Per Tim MacMahon of ESPNDallas.com, Wright, who was initially told by doctors his career was finished, has made history:
Wright became the first-known NBA player to acknowledge having multiple sclerosis when he signed a 10-day deal with Dallas and joined the Mavs in San Antonio. That's a fact that Wright is especially proud of after earning a call-up from the D-League.
Common symptoms of MS include fatigue, numbness, loss of balance, poor coordination, blurred vision and problems with memory and focus, according to the National Multiple Sclerosis Society, which estimates that more than 2.1 million people are affected by the disease. In severe cases, MS can cause paralysis. Wright originally was told by Turkish doctors that his basketball career was finished.
Wright himself admitted that returning to the floor was a "process," but it's one through which he persevered.
The point guard didn't resume basketball activities until this past July, and he missed an opportunity to play in the association's summer league. He was, however, fit to play in the NBA's developmental league, where he excelled.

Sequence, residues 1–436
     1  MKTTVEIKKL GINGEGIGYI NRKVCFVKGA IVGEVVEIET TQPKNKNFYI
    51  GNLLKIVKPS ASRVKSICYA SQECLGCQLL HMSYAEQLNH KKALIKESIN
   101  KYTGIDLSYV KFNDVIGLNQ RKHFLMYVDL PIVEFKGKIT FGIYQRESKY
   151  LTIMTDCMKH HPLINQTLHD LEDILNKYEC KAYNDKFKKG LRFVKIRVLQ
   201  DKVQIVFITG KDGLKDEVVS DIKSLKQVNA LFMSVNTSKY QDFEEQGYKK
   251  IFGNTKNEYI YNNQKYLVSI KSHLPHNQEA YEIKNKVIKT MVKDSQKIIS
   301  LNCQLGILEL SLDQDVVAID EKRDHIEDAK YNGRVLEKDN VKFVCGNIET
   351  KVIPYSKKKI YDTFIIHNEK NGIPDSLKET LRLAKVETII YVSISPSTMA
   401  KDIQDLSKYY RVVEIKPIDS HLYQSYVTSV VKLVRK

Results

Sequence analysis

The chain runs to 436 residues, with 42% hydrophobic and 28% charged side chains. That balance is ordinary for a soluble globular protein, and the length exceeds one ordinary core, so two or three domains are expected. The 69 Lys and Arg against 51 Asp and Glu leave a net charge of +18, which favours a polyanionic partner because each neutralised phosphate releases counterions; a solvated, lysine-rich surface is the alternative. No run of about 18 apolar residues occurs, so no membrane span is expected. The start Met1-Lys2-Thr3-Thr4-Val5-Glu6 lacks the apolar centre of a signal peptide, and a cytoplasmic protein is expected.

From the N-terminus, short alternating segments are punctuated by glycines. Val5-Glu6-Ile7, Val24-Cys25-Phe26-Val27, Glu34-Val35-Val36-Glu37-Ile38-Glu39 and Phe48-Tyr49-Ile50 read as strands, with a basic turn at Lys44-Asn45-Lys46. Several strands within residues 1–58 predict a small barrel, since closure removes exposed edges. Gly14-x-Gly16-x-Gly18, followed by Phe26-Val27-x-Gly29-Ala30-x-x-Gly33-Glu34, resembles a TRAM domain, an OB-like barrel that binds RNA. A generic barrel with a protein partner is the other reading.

While with the D-League's Iowa Energy, Wright averaged 15.5 points, 7.0 assists, 4.3 rebounds and 1.6 steals per game en route to an All-Star appearance.
He adds point guard depth to a Mavericks team with virtually none, and when playing at his peak, he's a crafty ball-handler, respectable shooter and stout on-ball defender who should help Dallas on both ends.
Just as important as what he can do for the Mavericks is how inspirational a tale he provides.
As MacMahon points out, Wright's arrival in Dallas coincides with MS Awareness Week and is just weeks after the birth of his son, Chris Jr.
Does it get any better than that?
It's nothing short of heartwarming to see a player battle his way back from not just a supposedly career-ending injury, but an unprecedented one. No other NBA player has acknowledged having MS before, rendering Wright an innovator.
He's also as intrepid as they come, not just because he's made it this far but also because he's willing to pursue his dream while knowing he could relapse at any time. Still, he plays on, counting his blessings in the process.
"It's all a blessing," Wright said (via MacMahon). "This has been a great month for me."
There is no cure for MS, and while Wright also said the risk of him suffering another episode is minimal, it's still very much alive.
Just like his professional basketball career.